The COVID-19 pandemic has had an unprecedented effect on healthcare systems worldwide. Not only has it changed the way healthcare is delivered, but it has shaken consumer confidence in the very systems themselves. Moving forward, healthcare personnel, including nurses, face the challenging task of working to restore consumer confidence in the healthcare system to ensure people continue to seek the services they need.
How Has COVID-19 Affected Patient Confidence in Healthcare?
As the pandemic wears on, consumer confidence in the healthcare system continues to decline as evidenced by:
- Loss of Confidence in the Quality of the Healthcare System
One of the most significant changes since the pandemic began is the drop in consumer confidence.
Data from a PBS NewsHour-Marist poll shows that between the pandemic's start in early 2020 until September of 2020, 35% of Americans felt their healthcare system was below average globally. This represents a 10% increase from February 2020 when early outbreaks of COVID-19 were initially reported in the U.S.
- Patient Hesitancy to Attend Clinic Visits or Leave Their Home
Since the start of the pandemic, people have been instructed to practice social distancing to prevent contracting and spreading the virus. This has left the public confused and hesitant to leave their homes or attend clinic visits due to fear of contracting the virus.
A recent poll found that 70% of consumers report being "very or somewhat concerned" about going to healthcare facilities for non-COVID-19 concerns due to fear of contracting the virus. In addition, 29% of adults in the U.S. said they have "delayed or avoided seeking medical care" for this reason.
- Higher Levels of Anxiety
According to The Health Care Consumer Response to COVID-19 Survey conducted by Deloitte
early in the pandemic, people reported increased levels of anxiety related to financial and economic concerns in addition to fears they have of possibly contracting or spreading the virus.
- Reluctance to Receive COVID-19 Vaccination
The public's waning confidence in the healthcare system is also evident in their reluctance to receive vaccines against the virus. For example, a survey of 5,537 Americans in December 2020 found that 47% of respondents said they were hesitant to receive the vaccine.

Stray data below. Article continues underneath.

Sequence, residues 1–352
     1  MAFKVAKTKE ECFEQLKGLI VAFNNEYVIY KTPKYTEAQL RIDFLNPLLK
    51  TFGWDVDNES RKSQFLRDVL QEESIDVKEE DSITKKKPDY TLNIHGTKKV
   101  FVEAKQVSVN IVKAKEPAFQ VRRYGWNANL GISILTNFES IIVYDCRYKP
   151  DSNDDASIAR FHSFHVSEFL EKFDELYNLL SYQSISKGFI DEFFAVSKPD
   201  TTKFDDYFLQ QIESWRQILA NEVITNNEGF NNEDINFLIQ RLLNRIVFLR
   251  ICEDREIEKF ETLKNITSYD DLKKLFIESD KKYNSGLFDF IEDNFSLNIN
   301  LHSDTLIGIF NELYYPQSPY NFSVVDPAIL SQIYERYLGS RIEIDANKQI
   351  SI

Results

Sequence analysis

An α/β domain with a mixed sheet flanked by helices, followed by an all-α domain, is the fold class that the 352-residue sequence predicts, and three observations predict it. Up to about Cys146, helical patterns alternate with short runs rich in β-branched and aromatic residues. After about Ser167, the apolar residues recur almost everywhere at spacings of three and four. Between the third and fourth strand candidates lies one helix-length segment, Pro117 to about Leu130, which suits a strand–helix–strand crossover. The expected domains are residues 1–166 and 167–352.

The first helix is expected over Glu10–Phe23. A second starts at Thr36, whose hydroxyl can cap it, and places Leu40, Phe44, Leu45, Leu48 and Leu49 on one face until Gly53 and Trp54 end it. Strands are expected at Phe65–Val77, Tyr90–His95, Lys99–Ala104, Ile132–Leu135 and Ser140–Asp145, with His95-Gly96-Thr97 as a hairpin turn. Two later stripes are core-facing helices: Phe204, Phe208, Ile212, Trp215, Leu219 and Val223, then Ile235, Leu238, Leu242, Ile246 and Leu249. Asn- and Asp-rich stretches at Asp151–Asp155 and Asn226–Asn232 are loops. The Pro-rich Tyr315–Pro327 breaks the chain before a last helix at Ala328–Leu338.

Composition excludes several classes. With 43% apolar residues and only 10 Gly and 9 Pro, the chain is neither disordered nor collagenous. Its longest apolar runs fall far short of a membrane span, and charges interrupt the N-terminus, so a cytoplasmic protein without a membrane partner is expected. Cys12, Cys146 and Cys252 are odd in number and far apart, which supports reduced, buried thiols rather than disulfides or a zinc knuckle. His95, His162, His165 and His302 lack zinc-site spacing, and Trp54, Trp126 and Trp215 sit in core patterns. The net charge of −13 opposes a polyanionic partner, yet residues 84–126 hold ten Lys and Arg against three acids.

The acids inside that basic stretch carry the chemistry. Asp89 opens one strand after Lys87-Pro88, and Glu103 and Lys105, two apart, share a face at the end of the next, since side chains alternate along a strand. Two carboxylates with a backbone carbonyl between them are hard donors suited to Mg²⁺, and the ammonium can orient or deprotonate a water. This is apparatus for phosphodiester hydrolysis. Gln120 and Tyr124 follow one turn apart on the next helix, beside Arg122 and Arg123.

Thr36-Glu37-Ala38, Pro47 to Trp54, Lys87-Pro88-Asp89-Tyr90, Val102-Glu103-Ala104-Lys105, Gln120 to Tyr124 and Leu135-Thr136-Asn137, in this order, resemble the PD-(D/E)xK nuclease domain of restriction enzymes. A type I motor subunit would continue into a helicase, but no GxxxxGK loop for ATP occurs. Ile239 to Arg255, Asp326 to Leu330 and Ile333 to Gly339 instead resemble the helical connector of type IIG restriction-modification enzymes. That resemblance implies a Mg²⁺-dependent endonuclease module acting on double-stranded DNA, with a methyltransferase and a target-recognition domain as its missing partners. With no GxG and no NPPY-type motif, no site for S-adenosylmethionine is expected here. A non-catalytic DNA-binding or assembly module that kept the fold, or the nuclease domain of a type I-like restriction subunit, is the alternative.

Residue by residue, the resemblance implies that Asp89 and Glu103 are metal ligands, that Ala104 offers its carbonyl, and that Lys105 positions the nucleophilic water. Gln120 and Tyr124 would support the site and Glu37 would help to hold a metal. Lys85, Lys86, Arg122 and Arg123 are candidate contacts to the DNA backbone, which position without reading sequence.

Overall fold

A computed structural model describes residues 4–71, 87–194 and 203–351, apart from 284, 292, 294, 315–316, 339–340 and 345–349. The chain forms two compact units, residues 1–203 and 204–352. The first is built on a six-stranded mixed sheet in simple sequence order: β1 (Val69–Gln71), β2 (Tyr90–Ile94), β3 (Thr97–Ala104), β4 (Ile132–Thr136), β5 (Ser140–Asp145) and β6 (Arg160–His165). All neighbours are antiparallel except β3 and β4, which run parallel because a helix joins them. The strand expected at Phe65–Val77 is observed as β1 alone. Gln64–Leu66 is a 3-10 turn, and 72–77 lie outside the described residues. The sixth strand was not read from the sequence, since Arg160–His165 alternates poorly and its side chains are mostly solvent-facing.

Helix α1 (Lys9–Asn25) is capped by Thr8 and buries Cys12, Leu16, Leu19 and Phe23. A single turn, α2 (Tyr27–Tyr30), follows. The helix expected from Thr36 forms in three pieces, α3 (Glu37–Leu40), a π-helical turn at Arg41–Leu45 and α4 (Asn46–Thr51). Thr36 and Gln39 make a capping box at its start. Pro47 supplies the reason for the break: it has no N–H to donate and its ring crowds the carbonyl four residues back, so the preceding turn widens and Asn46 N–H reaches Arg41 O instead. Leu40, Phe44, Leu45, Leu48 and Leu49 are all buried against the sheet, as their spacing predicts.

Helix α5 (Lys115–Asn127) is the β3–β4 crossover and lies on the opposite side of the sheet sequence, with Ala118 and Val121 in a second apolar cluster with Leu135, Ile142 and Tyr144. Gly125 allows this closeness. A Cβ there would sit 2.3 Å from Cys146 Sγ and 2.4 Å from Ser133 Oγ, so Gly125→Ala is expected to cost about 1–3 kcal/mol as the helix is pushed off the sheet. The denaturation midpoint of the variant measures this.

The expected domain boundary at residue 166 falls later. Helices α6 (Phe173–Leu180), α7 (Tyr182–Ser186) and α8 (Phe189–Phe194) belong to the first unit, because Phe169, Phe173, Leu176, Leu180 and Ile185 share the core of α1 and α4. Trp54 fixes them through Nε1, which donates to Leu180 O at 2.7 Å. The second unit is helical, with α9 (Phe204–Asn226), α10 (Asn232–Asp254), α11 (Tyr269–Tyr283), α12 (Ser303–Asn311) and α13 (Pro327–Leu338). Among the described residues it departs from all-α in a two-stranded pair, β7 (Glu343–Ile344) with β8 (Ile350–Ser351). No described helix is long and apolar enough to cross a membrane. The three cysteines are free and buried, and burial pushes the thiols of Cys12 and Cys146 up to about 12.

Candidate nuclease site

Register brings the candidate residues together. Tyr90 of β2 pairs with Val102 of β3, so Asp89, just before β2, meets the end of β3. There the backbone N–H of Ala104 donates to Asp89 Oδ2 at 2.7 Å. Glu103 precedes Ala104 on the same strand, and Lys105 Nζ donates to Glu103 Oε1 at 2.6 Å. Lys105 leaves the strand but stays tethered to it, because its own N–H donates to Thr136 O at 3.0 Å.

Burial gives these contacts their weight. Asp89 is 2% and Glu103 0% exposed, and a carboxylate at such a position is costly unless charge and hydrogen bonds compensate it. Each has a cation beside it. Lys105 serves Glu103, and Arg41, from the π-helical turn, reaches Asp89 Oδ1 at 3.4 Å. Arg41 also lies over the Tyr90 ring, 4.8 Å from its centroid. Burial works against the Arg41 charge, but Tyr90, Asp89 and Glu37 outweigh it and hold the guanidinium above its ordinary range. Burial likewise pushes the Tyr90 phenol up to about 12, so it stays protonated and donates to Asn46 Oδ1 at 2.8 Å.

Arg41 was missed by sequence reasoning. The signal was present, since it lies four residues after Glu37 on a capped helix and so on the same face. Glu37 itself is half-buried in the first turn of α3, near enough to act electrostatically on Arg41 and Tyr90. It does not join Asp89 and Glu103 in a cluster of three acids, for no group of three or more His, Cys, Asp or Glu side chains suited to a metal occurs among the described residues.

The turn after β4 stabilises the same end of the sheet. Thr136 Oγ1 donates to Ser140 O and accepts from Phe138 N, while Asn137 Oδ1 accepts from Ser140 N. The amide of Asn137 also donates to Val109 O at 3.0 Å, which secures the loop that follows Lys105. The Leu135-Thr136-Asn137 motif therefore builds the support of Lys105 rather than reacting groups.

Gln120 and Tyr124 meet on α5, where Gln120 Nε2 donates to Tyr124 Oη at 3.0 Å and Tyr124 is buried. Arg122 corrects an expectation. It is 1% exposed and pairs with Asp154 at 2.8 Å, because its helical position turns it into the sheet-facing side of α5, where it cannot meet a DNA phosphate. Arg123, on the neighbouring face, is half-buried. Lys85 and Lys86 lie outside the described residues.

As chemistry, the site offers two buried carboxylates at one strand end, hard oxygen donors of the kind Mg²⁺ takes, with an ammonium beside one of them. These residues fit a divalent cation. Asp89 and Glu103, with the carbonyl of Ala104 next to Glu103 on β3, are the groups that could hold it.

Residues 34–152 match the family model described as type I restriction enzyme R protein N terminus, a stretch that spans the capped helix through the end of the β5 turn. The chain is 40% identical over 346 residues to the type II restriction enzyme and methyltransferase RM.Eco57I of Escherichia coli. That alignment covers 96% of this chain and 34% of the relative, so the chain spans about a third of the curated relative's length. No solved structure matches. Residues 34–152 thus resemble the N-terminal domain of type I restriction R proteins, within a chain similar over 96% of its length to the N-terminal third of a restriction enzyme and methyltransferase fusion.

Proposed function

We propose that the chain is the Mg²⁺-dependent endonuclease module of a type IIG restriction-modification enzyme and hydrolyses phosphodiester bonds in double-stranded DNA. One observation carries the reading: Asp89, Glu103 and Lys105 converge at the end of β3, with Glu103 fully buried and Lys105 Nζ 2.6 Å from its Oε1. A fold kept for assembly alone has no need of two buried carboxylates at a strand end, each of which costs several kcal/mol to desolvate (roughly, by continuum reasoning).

What Can Nurses Do to Restore Patient Confidence in Healthcare?
Because nurses have the highest level of public trust, their knowledge and profession puts them in a unique role to educate the public about COVID-19 vaccination and means of protection against the virus so patients can regain their confidence in accessing healthcare services.
Here are a few ways you, as a nurse, can encourage public trust in healthcare:
- Lead by Example
Nurse leaders and managers, as well as frontline nurses, can help build the public's trust in the COVID-19 vaccination process by willingly receiving their vaccines and sharing their experience in a positive light with their families, colleagues, communities and social media connections as appropriate.
- Provide Education About Safety Precautions That Facilities Are Taking
Hospitals, healthcare facilities and clinics have adopted extensive cleaning and disinfection protocols on a routine basis to help reduce the likelihood of virus transmission. Nurse managers can ensure messaging is prominently displayed in key areas that explain the extent and frequency of the cleaning process in place to reduce virus transmission.
Nurses can also educate the public about other safety precautions organizations are enforcing such as mandatory mask use and temperature screening visitors and patients.
- Be Transparent and Share New Information in a Timely Way
Restoring the public's trust in the healthcare system will take time. However, nurses can help rebuild the public's confidence by being transparent about vaccine information and educating people with new details about the virus as it becomes available.
The healthcare system's inability to stop the rapid spread of the virus has slowly eroded consumer confidence since the pandemic began. As Anthony Barile, M.D. explains, "education and transparency will be key to easing patient anxiety and reconnecting them with the care they need." Nurses play a pivotal role in restoring patient confidence due to the high level of trust they hold.